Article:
Before anyone throws any tomatoes at me for contributing another pumpkin recipe to the internet, I have to tell you that this pumpkin crème brûlée recipe is totally worth the addition. To be fair, I didn’t know pumpkin crème brûlée recipes like this were even a thing until my cousin shared one with me during Thanksgiving, so I thought maybe a couple of you may not have thought of the idea as well.
Pumpkin Crème Brûlée
This pumpkin crème brûlée had been my cousin’s contribution to the dessert spread during Thanksgiving pre-pandemic, and after trying it, I was immediately in love.
I normally don’t make too many variations of crème brûlée as I don’t like tampering with foods that are perfectly scrumptious just as they are, especially French desserts. You guys should know that the French are not a fan of American variations on their classic desserts, but I would argue that they’d probably enjoy this pumpkin twist.
In fact, as a side note, I made my pumpkin cake with maple cream cheese frosting for a friend’s baby shower last fall while I was living in Paris, and the French guests when absolutely nuts over it. They were asking for third helpings and whether I could send them my recipe.
All this to say that while recipes like this pumpkin crème brûlée or my summer variation of lavender crème brûlée may not spark immediate fanfare from the French, I think they’d eventually come around.
And in all honesty, I’m usually very resistant to adding trendy ingredients like lavender or candied rose petals to desserts, because more often than not, I find them excessive and sometimes even overpowering.
In the case of this pumpkin crème brûlée (as well as my lavender variation too), the flavor is subtle and only makes the crème brûlée even more tantalizing and appropriate for the season.
Pumpkin has a naturally sweet flavor, which is great for desserts like this, and adding some of those fall spices helps contribute those PSL flavors so that this is like a pumpkin spice crème brûlée that you didn’t know you needed but now can’t live without.
This pumpkin crème brûlée is also not only sweet and slightly spiced, but it’s just as silky smooth as ever.
It’s also a dreamy alternative for those who dislike pie or have just had one too many slices. If you’re thinking, who doesn’t like pie? Well, I hate to burst your bubble but there are a lot of people who don’t like pie. I’m not one of them, but I recognize that they exist and Thanksgiving dessert can often be disappointing for them.
So if you’re one of those people, make this alternative pumpkin pie crème brûlée and others may not even realize you’re not making an actual pie until you serve them. And by that point, they won’t care because this dessert is that good!
It’s also incredibly easy to make, much easier than you’d ever think.
I find that when I tell people I make pumpkin crème brûlée at home, they’re shocked that I can make such a “fancy” dessert. But crème brûlée, in general, is simply just fancy in name.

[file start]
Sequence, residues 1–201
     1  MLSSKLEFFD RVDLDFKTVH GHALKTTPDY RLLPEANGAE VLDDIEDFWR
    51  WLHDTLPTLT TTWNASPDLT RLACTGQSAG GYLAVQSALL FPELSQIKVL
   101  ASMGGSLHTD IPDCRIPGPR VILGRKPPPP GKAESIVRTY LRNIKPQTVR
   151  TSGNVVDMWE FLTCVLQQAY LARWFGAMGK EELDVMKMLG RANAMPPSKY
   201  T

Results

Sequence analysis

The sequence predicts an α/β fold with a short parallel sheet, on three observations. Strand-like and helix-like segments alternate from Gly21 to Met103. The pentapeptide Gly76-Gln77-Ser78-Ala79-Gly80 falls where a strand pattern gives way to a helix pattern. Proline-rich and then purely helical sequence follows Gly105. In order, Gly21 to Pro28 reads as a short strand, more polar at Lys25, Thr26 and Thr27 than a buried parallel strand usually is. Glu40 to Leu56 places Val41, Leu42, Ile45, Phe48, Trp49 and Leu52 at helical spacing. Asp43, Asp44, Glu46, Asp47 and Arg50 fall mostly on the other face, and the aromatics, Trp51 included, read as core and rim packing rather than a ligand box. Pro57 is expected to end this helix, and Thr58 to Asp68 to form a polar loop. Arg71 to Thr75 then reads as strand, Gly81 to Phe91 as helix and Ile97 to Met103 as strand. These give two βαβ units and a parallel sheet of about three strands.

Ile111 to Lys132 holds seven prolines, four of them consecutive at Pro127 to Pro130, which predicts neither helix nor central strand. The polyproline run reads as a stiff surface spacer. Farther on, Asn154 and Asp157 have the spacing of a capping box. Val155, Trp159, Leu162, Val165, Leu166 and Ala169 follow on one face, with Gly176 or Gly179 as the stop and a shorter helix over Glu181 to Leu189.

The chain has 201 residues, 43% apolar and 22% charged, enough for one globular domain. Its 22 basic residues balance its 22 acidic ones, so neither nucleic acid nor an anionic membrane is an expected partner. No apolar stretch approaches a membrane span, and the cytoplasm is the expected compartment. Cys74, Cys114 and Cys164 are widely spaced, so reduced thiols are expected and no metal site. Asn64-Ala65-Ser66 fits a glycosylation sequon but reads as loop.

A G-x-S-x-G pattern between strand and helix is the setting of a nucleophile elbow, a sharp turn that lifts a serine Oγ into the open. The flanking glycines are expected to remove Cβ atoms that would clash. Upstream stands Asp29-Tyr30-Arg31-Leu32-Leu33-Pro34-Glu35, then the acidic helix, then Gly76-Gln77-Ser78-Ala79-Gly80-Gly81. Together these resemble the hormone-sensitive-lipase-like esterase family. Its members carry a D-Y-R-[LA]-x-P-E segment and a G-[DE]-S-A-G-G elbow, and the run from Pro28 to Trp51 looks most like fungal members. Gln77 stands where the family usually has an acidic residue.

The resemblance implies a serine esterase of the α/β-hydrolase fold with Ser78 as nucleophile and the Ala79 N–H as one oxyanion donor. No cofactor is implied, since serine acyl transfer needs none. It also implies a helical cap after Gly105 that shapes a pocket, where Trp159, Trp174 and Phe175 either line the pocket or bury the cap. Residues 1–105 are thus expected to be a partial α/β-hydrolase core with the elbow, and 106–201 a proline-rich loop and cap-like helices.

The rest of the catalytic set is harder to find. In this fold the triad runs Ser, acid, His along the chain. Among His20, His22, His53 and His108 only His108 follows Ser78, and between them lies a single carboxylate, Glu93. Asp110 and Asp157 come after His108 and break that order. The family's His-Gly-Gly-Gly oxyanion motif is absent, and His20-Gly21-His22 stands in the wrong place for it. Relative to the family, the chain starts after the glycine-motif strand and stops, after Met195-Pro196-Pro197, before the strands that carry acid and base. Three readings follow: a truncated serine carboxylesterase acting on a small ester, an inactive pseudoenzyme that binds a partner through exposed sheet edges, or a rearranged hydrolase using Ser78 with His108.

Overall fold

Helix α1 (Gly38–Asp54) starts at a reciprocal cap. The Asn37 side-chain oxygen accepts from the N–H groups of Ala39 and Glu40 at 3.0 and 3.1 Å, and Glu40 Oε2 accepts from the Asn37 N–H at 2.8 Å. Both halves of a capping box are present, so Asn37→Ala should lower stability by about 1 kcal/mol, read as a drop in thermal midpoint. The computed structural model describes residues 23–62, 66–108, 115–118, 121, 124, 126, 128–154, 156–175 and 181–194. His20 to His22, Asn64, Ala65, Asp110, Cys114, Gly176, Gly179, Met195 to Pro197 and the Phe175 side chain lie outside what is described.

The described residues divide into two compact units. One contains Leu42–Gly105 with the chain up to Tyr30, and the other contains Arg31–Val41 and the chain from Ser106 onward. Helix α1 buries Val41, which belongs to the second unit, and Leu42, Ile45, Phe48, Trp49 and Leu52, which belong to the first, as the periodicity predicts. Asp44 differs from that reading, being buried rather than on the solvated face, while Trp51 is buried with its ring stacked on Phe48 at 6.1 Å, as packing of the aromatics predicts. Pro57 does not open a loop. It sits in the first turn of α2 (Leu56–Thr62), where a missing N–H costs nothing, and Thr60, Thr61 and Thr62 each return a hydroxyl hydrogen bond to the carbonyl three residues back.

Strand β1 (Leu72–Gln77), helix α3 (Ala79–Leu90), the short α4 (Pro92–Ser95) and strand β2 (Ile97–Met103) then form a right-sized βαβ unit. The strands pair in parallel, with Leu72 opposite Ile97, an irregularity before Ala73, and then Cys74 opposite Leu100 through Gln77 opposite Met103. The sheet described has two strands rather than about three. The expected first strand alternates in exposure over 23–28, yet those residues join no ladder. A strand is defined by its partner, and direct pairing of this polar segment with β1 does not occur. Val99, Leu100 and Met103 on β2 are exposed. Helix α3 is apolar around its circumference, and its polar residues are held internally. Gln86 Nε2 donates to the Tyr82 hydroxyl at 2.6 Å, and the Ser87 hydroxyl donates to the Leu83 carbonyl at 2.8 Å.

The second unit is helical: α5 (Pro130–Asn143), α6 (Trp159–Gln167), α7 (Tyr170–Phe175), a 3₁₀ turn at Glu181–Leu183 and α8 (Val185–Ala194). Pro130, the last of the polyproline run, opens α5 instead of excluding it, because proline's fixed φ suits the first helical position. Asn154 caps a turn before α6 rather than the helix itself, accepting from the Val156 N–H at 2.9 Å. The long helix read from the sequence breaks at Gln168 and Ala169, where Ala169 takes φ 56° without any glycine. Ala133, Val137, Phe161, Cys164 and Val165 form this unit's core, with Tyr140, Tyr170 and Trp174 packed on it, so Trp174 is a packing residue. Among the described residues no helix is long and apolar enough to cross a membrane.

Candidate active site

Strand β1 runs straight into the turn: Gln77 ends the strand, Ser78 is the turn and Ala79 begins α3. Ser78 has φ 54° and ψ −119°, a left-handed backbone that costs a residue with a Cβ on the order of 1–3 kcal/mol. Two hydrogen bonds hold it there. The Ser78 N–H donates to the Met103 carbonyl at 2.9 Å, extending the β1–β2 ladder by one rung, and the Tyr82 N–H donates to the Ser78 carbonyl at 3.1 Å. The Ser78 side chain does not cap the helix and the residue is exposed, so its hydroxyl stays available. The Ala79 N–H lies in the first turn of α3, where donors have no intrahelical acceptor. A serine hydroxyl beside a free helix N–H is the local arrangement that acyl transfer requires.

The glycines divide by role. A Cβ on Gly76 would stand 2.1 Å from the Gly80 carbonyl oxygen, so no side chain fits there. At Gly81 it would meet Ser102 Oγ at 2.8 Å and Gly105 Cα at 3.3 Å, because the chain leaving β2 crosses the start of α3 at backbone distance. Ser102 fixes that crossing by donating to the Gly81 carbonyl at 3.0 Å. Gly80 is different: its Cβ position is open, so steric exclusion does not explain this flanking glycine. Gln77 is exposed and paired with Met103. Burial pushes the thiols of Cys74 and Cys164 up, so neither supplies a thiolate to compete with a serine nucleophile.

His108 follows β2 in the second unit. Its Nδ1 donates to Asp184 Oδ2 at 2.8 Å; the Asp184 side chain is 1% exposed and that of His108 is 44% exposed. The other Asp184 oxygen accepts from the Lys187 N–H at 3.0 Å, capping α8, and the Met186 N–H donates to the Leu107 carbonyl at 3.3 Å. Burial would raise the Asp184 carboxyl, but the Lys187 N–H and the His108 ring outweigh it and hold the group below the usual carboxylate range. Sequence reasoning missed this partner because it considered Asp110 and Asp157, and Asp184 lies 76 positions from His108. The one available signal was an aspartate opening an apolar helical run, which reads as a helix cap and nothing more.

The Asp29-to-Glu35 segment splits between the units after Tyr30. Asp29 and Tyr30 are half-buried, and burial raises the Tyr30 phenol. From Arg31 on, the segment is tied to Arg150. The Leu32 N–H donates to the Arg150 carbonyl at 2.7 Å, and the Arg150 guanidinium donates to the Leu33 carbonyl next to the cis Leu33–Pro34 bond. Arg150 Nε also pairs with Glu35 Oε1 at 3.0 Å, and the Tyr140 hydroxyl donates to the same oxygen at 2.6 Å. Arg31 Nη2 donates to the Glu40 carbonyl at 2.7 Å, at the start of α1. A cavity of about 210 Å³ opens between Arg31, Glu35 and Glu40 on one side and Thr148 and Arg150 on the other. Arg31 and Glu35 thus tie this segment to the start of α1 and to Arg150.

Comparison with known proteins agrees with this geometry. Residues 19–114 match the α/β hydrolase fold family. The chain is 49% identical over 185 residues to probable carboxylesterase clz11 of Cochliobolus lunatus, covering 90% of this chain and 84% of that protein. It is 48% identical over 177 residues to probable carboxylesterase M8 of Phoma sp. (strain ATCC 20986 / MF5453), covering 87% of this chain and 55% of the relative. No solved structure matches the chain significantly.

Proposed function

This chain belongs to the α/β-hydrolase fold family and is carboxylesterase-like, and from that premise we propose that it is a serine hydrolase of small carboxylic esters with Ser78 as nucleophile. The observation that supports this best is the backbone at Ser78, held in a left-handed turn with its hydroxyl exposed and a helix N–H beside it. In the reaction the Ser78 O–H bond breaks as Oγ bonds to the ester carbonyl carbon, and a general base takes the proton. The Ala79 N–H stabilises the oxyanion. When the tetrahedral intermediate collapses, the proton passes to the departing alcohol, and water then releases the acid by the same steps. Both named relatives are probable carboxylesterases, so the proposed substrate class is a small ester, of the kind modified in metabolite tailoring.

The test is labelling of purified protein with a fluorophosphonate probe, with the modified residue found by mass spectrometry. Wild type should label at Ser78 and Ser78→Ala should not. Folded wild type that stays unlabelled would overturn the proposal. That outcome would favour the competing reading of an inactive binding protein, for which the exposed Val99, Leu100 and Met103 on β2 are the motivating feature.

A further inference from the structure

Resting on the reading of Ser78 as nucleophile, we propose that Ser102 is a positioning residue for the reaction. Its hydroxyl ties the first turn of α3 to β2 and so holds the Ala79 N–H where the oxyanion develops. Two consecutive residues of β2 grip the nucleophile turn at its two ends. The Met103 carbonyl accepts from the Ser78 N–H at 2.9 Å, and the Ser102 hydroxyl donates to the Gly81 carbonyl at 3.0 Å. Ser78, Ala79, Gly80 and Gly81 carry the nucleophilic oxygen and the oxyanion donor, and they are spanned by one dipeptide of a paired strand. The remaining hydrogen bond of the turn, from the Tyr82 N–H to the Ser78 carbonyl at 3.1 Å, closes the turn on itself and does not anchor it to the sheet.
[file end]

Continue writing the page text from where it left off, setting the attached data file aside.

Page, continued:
The truth is it’s even easier to make than pie or most cakes. You don’t even need a kitchen torch to create the burnt sugar topping. Just set those ramekins under the broiler as I’ve done here and 30 seconds later, you’ll have a beautiful crunchy topping to break into with your spoon!
- 2 cups heavy cream
- 4 egg yolks
- 1/2 cup brown sugar
- 1 cup pumpkin purée
- 1/2 tbsp pumpkin pie spice
- 1 tbsp vanilla extract
- granulated sugar, for the top
- Preheat the oven to 325°F. Bring a pot or kettle of water to a boil.
- In a small saucepan, warm the heavy cream over medium low heat until it’s scalding hot, but not boiling. The edges will begin to simmer and the cream will get steamy. Stir occasionally.
- Meanwhile, whisk the egg yolks, brown sugar, pumpkin, pumpkin pie spice, and vanilla together until it’s pale in color (it should look light orange). Tip: use an electric mixer or stand mixer if you have one so that it does the work for you - use high speed.
- Slowly stream the hot cream into the mixture, whisking the mixture as you do. This will help temper the eggs. Give the batter a stir with your ladle to break up some of the foamy bubbles, then then distribute the batter among 6 oz. ramekins.
- Place the ramekins in a large and deep casserole dish. If you’ve use a pot to boil your water, use a ladle to scoop the boiling water into the casserole dish; otherwise, simply use the kettle’s spout to pour the boiling water into the dish. Pour enough water into the casserole dish to reach about 2/3 high up the sides of the ramekins. Be careful not to get any water into the actual ramekins.
- Bake the crème brûlée for about 50 to 55 minutes, or until they’re set on the edges and only have a slight wobble in the center. Let the ramekins hang out in the water bath outside of the oven until they're just warm and no longer hot. Empty the water from the casserole dish then cover all the creme brulee with plastic wrap and let them chill in the refrigerator for about 6 hours, or overnight.
- Before serving, sprinkle half a tablespoon of granulated sugar over the top of each one, before using a kitchen torch to burn the sugar on top. If you don’t have a kitchen torch, you can place the ramekins on a pan and set the pan under your oven’s broiler for until the same burnt sugar effect is achieved. Keep your eyes on them so they don’t burn too much; the sugar will burn and crisp up very quickly!
Nutrition Information:Yield: 6 Serving Size: 6 Servings
Amount Per Serving: Calories: 430